Senate Republicans blocked the creation of a commission into the Jan. 6 insurrection last week.
Mitch McConnell reportedly asked Republicans to vote against the bill as a “personal favor.”
Officer Michael Fanone said he was “absolutely sickened” to learn this.
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A Washington, DC, Metropolitan Police officer who was attacked at the January 6 Capitol riot said he was “absolutely sickened” by Mitch McConnell’s attempt to block the commission into the event.
Michael Fanone spoke with senators ahead of their vote on the commission last week alongside Gladys Sicknick, the mother of officer Brian Sicknick, the Capitol Police officer who died after the riot. Fanone was attacked during the riot and suffered a heart attack.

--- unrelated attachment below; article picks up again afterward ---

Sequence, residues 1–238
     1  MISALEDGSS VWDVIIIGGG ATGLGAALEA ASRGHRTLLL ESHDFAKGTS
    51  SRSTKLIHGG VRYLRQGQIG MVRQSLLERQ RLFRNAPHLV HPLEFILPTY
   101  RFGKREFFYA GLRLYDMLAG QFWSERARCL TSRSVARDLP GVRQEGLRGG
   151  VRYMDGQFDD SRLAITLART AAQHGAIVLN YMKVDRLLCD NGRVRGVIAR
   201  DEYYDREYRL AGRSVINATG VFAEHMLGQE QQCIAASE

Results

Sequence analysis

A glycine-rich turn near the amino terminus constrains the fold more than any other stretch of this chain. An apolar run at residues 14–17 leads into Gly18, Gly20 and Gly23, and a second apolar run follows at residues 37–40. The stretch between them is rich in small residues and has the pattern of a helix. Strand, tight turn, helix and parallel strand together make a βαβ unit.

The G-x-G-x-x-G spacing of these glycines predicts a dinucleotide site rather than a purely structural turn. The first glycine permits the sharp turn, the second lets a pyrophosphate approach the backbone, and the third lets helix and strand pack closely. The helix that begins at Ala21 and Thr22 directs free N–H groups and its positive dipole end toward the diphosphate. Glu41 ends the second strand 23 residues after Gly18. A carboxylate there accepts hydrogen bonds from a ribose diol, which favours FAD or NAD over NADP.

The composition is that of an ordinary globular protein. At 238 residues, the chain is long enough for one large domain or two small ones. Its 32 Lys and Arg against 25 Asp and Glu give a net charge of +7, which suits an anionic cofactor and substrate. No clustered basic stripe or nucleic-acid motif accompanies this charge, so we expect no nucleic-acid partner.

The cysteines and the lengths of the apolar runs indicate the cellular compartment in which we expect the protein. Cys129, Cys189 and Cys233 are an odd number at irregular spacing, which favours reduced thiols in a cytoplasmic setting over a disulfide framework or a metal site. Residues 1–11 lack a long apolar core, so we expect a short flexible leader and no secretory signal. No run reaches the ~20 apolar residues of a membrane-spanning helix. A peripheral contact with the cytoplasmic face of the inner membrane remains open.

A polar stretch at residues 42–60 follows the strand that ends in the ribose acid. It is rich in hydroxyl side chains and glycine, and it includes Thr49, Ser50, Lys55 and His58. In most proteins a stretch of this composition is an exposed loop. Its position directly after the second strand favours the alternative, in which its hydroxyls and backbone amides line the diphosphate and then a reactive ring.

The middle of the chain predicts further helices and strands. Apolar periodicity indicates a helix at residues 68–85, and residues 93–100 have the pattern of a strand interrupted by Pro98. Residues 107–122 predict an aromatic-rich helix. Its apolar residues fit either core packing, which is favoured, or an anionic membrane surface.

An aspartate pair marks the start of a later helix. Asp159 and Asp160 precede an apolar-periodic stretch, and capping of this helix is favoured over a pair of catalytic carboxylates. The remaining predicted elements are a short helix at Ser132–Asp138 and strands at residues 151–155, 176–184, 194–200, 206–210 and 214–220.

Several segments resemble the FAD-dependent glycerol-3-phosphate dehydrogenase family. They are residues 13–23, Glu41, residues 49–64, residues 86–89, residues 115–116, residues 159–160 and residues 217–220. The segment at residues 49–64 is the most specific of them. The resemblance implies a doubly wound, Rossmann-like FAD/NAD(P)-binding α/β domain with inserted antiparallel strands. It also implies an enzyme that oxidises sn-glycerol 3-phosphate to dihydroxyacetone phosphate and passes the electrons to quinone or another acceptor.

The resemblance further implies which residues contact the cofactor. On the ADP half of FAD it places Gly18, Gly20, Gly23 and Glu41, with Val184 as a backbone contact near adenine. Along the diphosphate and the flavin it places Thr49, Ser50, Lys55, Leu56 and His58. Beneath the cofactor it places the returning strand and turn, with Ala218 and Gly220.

He told CNN’s Don Lemon on Wednesday that he heard McConnell was asking GOP senators to vote against the commission while he was there.
CNN previously reported that McConnell had asked other GOP senators to vote against the commission as a “personal favor” to him.
Fanone said: “I was absolutely sickened. You know, here I am escorting the mother of a dead policeman, while she and myself advocate for the formation of a commission to investigate the circumstances which resulted in her son’s death.
“And you have a leader on Capitol Hill who’s making phone calls asking for personal favors and doling out political capital to push for, you know, a no vote on that commission. It was absolutely disgraceful.”
In the interview, Fanone also praised Rep. Liz Cheney, who was removed from her powerful role in the House GOP leadership for speaking out against former President Donald Trump’s false claim that he actually won the 2020 election.
Senate Republicans blocked the commission last Friday.
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